Subject: Re: Competition - What does it look like?
From: Ian Lance Taylor <ian@airs.com>
Date: 27 Mar 2002 14:56:07 -0800

Rene Kienzle <rkienzle@bigpond.net.au> writes:

> What I have been running up against is the issue of
> competition.

Free software projects compete for mindshare.  They do this both in
the sense of finding people to work on the project, and in the sense
of finding people to use the project.

Free software projects generally do not compete against each other in
terms of functionality, with some obvious exceptions.  After all, if
you want to build a better free widget sorter, and somebody else is
already building a free widget sorter, then you normally simply join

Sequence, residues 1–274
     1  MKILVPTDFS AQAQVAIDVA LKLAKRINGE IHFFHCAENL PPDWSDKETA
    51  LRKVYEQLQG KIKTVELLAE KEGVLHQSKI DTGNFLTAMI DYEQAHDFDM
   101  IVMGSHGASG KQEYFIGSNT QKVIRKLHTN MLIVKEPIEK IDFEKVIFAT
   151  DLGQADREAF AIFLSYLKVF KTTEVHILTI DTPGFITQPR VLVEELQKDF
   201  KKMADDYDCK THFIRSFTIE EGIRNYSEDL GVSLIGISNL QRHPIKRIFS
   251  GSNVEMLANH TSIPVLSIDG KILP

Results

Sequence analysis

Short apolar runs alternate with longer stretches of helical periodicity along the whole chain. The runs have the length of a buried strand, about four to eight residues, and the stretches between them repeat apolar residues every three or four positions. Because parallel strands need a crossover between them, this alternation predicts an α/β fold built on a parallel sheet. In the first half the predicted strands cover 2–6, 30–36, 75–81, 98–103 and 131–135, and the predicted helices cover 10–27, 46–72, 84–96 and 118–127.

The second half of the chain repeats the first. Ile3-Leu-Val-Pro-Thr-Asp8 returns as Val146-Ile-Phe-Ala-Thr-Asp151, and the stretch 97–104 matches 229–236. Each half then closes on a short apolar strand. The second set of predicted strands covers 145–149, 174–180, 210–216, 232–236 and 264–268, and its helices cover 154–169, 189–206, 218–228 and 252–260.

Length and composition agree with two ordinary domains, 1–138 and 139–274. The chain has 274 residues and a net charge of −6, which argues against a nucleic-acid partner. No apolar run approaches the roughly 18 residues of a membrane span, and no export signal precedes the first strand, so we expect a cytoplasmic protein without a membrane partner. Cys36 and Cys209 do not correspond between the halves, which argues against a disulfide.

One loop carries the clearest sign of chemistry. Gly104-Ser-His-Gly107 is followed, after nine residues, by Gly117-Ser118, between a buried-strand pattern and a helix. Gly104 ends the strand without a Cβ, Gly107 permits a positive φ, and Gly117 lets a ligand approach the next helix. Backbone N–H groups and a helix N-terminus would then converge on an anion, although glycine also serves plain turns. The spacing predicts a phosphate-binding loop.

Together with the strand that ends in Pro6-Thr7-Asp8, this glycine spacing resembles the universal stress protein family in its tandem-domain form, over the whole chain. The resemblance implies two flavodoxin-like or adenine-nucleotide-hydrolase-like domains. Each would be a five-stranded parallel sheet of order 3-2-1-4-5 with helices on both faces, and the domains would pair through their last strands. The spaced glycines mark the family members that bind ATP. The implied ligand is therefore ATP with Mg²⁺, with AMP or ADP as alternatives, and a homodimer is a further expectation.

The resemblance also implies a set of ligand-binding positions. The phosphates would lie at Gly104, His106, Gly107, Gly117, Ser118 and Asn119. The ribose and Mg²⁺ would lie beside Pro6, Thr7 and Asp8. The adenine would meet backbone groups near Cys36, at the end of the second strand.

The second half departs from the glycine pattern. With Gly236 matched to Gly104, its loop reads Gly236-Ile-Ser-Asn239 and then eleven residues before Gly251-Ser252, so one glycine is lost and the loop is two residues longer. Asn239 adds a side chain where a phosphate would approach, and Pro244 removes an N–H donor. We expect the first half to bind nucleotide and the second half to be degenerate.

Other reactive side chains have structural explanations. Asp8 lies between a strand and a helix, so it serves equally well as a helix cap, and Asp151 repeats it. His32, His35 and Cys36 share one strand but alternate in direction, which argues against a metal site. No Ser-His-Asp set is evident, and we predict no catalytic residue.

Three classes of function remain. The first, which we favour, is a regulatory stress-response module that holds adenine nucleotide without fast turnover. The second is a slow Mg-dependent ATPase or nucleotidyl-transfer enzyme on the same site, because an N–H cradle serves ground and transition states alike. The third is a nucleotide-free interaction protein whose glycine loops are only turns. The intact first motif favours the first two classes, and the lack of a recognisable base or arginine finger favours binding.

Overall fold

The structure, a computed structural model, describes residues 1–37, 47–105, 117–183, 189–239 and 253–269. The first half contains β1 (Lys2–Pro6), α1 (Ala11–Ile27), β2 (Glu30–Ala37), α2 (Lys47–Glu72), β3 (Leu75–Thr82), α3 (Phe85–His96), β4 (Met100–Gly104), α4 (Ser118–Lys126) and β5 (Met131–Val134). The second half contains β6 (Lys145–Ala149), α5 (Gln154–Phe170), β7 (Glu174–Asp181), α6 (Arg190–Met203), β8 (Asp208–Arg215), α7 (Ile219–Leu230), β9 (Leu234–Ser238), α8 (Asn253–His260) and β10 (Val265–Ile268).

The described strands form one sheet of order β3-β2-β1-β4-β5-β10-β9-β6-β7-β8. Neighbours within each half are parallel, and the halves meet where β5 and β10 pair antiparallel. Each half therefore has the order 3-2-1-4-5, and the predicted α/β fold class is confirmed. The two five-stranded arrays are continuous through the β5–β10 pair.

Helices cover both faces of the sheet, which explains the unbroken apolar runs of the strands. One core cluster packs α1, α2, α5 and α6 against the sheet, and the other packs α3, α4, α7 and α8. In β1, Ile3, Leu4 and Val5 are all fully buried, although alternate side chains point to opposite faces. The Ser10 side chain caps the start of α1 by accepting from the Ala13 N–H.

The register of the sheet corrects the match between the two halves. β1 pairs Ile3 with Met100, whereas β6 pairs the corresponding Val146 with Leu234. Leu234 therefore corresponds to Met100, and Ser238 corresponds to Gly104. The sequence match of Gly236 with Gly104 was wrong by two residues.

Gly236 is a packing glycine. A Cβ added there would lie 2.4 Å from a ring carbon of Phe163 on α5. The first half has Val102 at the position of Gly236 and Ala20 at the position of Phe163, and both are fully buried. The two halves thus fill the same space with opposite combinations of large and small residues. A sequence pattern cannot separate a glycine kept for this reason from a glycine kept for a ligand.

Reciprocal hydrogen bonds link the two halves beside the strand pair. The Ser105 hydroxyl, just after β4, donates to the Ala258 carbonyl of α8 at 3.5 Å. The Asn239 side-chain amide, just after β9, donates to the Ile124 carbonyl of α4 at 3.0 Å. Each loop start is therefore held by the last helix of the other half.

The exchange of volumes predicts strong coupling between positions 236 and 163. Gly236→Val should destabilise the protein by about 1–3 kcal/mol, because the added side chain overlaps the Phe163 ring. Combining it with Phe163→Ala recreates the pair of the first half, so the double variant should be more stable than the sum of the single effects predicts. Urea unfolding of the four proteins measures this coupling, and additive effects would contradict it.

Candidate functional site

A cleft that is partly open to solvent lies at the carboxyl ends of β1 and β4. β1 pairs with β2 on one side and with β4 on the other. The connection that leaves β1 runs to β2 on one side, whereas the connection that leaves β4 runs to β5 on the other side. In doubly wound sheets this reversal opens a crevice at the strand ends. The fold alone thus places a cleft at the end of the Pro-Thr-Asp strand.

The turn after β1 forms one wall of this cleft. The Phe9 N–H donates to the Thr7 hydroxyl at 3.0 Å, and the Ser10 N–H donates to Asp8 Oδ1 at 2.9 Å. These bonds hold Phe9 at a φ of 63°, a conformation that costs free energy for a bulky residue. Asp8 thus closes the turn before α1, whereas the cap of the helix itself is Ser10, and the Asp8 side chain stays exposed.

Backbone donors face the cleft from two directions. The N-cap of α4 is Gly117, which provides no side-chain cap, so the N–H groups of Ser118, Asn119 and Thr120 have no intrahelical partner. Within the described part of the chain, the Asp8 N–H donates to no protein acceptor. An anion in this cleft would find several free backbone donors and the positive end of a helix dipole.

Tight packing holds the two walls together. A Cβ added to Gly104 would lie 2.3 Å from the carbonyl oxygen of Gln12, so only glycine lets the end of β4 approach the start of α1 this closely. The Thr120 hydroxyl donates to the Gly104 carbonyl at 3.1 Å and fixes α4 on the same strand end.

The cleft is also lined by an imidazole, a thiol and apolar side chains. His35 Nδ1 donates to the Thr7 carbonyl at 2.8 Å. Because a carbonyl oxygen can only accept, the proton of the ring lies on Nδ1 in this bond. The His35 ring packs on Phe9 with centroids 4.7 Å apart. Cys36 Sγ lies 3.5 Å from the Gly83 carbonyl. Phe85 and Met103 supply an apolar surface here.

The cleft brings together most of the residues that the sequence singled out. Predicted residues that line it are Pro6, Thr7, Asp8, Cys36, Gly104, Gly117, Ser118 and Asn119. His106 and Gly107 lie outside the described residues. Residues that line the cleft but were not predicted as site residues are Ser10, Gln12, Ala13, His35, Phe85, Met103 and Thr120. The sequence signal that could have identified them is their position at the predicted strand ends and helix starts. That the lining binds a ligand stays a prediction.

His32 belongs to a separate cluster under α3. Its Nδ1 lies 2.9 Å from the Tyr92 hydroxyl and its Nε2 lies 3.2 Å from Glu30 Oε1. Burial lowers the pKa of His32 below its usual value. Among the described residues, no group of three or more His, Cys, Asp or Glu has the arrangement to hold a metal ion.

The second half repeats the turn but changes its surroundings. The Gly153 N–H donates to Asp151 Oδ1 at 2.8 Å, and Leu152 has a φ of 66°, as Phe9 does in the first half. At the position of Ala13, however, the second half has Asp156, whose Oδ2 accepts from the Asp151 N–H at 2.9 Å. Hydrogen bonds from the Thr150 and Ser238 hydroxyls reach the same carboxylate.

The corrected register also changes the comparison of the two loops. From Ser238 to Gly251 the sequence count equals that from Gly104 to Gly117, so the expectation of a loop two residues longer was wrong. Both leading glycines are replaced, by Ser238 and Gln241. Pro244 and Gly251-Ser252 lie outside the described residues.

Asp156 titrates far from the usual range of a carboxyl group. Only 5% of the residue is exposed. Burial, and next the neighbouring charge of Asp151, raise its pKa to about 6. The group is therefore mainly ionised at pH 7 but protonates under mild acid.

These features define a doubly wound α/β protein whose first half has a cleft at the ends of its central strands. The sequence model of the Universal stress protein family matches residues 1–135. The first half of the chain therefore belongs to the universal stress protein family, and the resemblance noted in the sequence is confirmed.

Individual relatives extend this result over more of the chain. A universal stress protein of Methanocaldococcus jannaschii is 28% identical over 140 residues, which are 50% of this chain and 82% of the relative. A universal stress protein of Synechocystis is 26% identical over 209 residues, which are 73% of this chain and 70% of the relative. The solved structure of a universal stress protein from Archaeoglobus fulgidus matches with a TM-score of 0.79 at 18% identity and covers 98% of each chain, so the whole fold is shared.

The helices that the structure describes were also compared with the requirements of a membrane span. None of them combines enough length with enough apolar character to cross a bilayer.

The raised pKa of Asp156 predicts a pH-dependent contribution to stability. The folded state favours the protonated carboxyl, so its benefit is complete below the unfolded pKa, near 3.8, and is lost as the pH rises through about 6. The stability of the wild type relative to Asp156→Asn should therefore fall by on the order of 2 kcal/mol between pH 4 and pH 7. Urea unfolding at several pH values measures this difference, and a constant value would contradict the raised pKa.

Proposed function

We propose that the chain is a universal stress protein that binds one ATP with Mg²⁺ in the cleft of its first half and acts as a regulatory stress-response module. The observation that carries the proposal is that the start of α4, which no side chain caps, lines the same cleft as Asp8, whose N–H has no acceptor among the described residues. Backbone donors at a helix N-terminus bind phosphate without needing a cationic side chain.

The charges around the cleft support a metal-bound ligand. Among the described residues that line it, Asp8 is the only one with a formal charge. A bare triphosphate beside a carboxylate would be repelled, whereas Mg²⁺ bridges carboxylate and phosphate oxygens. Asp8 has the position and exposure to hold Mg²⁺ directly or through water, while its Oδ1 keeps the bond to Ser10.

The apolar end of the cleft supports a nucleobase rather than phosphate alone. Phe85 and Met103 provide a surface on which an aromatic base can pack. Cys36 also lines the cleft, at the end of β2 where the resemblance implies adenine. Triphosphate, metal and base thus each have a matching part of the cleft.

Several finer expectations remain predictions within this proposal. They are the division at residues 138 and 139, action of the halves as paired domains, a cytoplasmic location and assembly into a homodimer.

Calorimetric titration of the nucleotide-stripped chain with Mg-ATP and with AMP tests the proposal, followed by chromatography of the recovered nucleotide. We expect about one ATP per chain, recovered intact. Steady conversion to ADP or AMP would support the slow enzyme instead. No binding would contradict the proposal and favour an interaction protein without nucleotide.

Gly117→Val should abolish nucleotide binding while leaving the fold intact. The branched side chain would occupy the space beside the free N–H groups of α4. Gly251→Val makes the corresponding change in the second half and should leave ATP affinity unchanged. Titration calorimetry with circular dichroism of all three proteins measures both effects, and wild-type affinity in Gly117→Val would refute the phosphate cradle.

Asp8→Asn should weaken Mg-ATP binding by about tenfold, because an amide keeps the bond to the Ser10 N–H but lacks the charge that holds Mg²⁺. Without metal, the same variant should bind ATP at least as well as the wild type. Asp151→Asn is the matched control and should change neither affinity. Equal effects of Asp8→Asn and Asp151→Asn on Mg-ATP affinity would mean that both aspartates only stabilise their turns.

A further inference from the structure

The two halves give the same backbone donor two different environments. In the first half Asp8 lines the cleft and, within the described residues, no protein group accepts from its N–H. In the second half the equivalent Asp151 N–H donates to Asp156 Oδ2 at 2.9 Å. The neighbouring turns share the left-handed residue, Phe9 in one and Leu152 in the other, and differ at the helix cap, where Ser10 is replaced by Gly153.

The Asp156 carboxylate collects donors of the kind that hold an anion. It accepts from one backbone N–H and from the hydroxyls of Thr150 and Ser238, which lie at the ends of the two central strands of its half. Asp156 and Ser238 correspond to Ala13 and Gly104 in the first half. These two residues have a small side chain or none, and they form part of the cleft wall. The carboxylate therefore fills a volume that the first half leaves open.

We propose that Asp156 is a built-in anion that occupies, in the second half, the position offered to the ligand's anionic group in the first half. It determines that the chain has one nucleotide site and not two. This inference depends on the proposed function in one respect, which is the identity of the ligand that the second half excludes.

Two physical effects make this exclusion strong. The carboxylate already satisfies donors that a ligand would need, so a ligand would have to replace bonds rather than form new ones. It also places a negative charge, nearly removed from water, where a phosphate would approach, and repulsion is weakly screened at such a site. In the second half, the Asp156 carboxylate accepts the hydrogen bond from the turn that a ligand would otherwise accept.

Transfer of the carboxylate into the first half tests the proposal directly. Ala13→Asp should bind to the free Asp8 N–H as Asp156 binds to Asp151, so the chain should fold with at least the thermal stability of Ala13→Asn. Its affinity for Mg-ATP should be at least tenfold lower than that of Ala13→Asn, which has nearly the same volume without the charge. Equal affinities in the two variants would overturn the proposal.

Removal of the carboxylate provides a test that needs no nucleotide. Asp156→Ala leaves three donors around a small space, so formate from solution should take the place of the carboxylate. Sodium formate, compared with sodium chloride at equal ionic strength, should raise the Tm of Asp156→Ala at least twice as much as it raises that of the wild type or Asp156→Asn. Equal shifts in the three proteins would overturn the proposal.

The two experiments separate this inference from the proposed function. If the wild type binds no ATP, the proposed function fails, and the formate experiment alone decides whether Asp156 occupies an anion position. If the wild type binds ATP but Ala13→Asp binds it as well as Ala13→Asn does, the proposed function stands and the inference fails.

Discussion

that project and make it better.

My view on some exceptions to this: 1) emacs vs. xemacs: the fork
started because the original project wouldn't do what the newcomers
wanted, and has continued for political reasons, and because nobody
has wanted to the hard work of merging the fork; 2) gcc vs. egcs: the
fork started because of disagreement over the maintainer, and was
healed when the maintainer was removed; 3) KDE vs. Gnome: the fork
started for licensing reasons, and has continued because of the
substantial amount of work done on both projects; 4) various browsers:
these are UI experiments, many based on the same code base from
Mozilla.

Anyhow, my point is, when free software projects compete directly
against one another on functionality, there is generally some
underlying historical reason for it.  It is not the natural state of
affairs, and I suspect it is going to be hard to study using a
statistical analysis of the form you propose.

It would be more interesting to analyze the mindshare issues: why do
some projects get it while other projects don't?

Ian